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Tuesday, July 28, 2015

Bishop set to be sued for millions by his former diocese.

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Facing a demand for millions?: Franz-Peter Tebartz-van Elst, then still bishop of Limburg, at the end of 2012 in the chapel of the Episcopal Residence



The Diocese of Limburg presses the former Bishop Franz-Peter Tebartz-van Elst for damages. To this end, the Apostolic Administrator of the diocese appointed by Pope Francis, Bishop Manfred Grothe previously of Paderborn, has made an application to the competent court of the Roman Catholic Church, the Roman Rota. An opening of the proceedings has not yet been decided on according to information given to this newspaper. Because of the scope of that decision, however, it is to be expected that, the dean of the Rota, the Italian canon Pio Vito Pinto will consult with the Congregation of Bishops who are responsible for Tebartz-van-Elst. The former Limburger bishop could soon lose their support.

Tebartz-van Elst, formerly auxiliary bishop in the Diocese of Münster abandoned the office of the Bishop of Limburg after only six years in March 2014. Then as now, he feels like a victim of Church intrigues and media campaigns, although a commission appointed by the Vatican and the German Bishops' Conference has come to the conclusion that the bishop in the financing of a new Episcopal residence on the hill of Limburg Cathedral in conjunction with close associates massively violated the standards set by canon law for asset management.

After the retirement of Bishop Franz Kamphaus in winter 2007, the cathedral chapter had insisted on the construction of a new Episcopal residence, so that the successor had no longer to live in the seminary. The initial cost estimates for the construction of a new Episcopal residence in the immediate vicinity of the cathedral led the Cathedral Chapter in February 2008 to cap "at two million euros, after intensive consultation with our Bishop, the budget for the previously non-existent residence of the Limburg bishop and the requisite restoration of the historic and listed timbered building standing next to it as offices". A little later, however, reserves to the level of EUR 2.5 million were made to absorb cost increases.

Fictitious construction costs for the public

As the Episcopal residence was officially handed over at the end of June 2013, Tebartz-van Elst let it be known that construction costs amounted to 9.85 million euros. However, only the specific decisions of the so-called asset administration council of the Episcopal See were non-existent. The sum itself soon proved to be as fictitious. The staff responsible for the construction employees of whom some are still in office had long since realized that the cost of planning and construction, had exceeded by at least a factor of two if not three the publicly disclosed sum. Over the summer, the web of lies that Tebartz-van Elst had erected around the building collapsed under the pressure of intense media scrutiny. At the beginning September 2013 the former papal nuncio in Germany, Giovanni Cardinal Lajolo prompted a commission headed by Grothe, a financial professional, to review the behaviour of the bishop and his staff.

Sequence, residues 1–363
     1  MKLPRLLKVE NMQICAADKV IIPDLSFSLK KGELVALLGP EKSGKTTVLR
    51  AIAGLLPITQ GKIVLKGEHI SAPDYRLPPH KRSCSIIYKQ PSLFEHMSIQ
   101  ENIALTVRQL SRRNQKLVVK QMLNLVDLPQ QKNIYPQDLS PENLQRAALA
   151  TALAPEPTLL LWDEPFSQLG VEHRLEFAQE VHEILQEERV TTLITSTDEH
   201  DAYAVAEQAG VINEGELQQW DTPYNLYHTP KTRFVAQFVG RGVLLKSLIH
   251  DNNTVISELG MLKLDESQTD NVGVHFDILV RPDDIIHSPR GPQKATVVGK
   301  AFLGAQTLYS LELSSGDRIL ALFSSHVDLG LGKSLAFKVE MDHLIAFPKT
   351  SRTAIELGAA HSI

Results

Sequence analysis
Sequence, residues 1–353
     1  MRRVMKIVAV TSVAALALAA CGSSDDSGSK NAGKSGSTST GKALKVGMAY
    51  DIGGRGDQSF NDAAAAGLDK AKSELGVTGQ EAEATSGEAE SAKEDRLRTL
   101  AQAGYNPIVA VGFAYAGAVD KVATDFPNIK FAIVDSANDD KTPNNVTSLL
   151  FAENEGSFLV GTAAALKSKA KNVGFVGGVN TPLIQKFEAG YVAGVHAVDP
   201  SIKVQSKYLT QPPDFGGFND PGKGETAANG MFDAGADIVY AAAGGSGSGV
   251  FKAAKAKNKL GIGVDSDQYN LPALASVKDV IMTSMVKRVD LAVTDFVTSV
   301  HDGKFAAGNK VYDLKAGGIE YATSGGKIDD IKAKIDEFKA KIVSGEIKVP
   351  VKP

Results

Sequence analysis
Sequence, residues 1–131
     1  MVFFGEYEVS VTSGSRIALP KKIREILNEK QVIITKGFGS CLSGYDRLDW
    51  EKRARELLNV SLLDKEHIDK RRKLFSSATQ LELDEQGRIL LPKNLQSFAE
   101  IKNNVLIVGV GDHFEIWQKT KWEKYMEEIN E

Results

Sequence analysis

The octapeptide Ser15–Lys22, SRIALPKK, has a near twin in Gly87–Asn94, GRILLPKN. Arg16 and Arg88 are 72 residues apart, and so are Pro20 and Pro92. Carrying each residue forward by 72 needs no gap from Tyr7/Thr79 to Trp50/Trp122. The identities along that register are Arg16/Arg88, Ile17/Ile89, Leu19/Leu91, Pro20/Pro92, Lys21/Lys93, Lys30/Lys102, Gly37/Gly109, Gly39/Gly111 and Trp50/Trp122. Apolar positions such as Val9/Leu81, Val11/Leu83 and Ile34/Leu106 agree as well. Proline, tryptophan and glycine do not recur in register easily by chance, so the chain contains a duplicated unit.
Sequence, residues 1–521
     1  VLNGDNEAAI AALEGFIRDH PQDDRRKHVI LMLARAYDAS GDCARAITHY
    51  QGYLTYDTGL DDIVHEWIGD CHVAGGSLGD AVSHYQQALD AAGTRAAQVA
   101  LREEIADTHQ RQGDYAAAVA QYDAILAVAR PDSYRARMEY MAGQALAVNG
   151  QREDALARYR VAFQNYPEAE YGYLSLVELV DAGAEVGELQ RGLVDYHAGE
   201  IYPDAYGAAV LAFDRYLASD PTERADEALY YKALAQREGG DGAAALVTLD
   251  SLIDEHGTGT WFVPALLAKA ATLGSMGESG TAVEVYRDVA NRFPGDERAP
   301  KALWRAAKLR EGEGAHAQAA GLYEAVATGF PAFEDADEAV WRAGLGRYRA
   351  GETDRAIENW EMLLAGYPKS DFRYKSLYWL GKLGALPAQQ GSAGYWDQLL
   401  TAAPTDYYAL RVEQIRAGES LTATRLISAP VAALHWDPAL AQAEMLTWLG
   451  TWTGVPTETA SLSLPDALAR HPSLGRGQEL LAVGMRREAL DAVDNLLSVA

After several months of investigation, the Commission concluded in February 2014 that Tebartz-van Elst had spent 31.5 million euros on the construction of the Bishop house - and largely illegally. The commercial-law depreciation of the building has been in recent years to an extent of about 3.9 million euros. Not quantified is the damage to the assets of the Episcopal see which grew as a result of the many extravagant and extremely costly works.

Tebartz-van Elst lives in Rome

The Limburg prosecutor refused last year to initiate an investigation for breach of trust against the former bishop. In this case, the prosecutor's office appealed to ecclesiastical self-determination and thus followed the reasoning of a legal opinion that the Limburg bishopric leadership had commissioned at the insistence of Rome. The decision of the Limburg prosecutor is not beyond dispute. The Hessian Attorney General has least one complaint.

Tebartz-van Elst has lived for several months in Rome, with the highest possible retirement salary of the diocese of Limburg and the title of "delegate" within the "Pontifical Council for the New Evangelization". Among his supporters, he can continue to count on the support of the Prefect of the Congregation of the Faith and that of the Congregation for Bishops, the Cardinals Gerhard Ludwig Müller and Marc Ouellet, and the Head of the Papal Household and secretary of Pope Benedict XVI., Archbishop Georg Gänswein. There is conflicting information about the extent to which Pope Francis is familiar with the details of the Tebartz-van Elst case.



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